When is a Display Site Not a Display Site?

…When it’s a contest!

A manuscript display site called Zirdland, which describes itself as “The literary marketplace for the 21st century” and promises to “provide a solution to the ever-widening rift between the writers and the market,” has been threatening to open its doors since late 2004. As of this writing, it still hasn’t done so. (For the math-challenged among us, which might just include the Zirdland folks, that’s two whole years.)

That hasn’t stopped it from running a contest, however: That First Line writing contest, launched in 2005. Here’s a description, from the official press release:

“Every great book, every hit song, every moving poem, every inspired speech, every intriguing article, every movie, play and opera, all began with that first line,” spouts the new writing contest: ThatFirstLine.com – where writers (professional and amateur) can enter an original, unpublished opening line from a book manuscript, screenplay, poem, song lyric, article or essay and vie for the opportunity to win a cash prize of $500.

I don’t know about you, but a writing contest that spouts gets my vote for originality.

The entry fee is a modest $5 (with all profits, it’s claimed, going to literary charities), and entries will be judged by “a panel of 50 editors, literary agents, and published authors” (no word on who they are. Hmmmm). Winners are profiled on Zirdnews (which also features industry newsbytes that are more than a year out of date), and finalists from the most recent contest (Spring/Summer 2006) have their lines posted on the contest website. So far, it looks as if many people are treating it like the Bulwer-Lytton contest. I would have voted for this entry:

Gruber, the ground-breaking, hip-shaking master of plaster frescos, edged back on his stilts, smelling cinnamon somewhere, wondering if he should add one more stroke, but then–bounding madly round the Rill corner–came the tricycles, the sprinting nuns, the peanut vendors, all but one of the city council and what appeared to be a dwarf rhino…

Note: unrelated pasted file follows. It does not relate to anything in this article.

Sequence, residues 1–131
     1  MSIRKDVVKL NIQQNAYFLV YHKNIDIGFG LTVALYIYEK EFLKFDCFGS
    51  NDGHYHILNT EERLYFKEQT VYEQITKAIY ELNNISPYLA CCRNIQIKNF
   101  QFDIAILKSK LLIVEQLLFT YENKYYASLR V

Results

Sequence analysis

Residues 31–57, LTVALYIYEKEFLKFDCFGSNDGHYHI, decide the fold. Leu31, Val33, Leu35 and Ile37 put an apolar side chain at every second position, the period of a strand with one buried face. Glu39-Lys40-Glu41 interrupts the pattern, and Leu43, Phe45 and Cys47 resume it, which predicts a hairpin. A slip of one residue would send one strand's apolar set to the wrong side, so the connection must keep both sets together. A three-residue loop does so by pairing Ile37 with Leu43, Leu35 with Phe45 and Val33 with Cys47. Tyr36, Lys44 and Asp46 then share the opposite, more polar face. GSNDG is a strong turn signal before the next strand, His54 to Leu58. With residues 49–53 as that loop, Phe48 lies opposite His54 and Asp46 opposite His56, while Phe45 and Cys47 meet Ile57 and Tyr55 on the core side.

Ummm…so what’s my point about all this? I don’t have one, really, except that it all strikes me as rather silly.

Oh, and for anyone who was wondering about the expertise behind Zirdland…Zirdland’s sites are registered to InterMedia Development Corp, which seems to specialize in producing TV shows for cable access channels. InterMedia’s owner, Joel Ratner, has a page on Publishers Marketplace, where you can assess his literary success to date. Of Zirdland’s other apparent front man, P. Barry Jones, there’s no information other than his own description of himself (see message 3), which is rather short on specifics. A third individual involved with Zirdland, Jami Harrah (responsible for a spam campaign to publicize the site in early 2005), shows up only on Writers Net.


  1. I’m taking short odds that their “literary charities” begin and end at home.

    Nah, forget it. No odds of any kind. It’s a sure thing.

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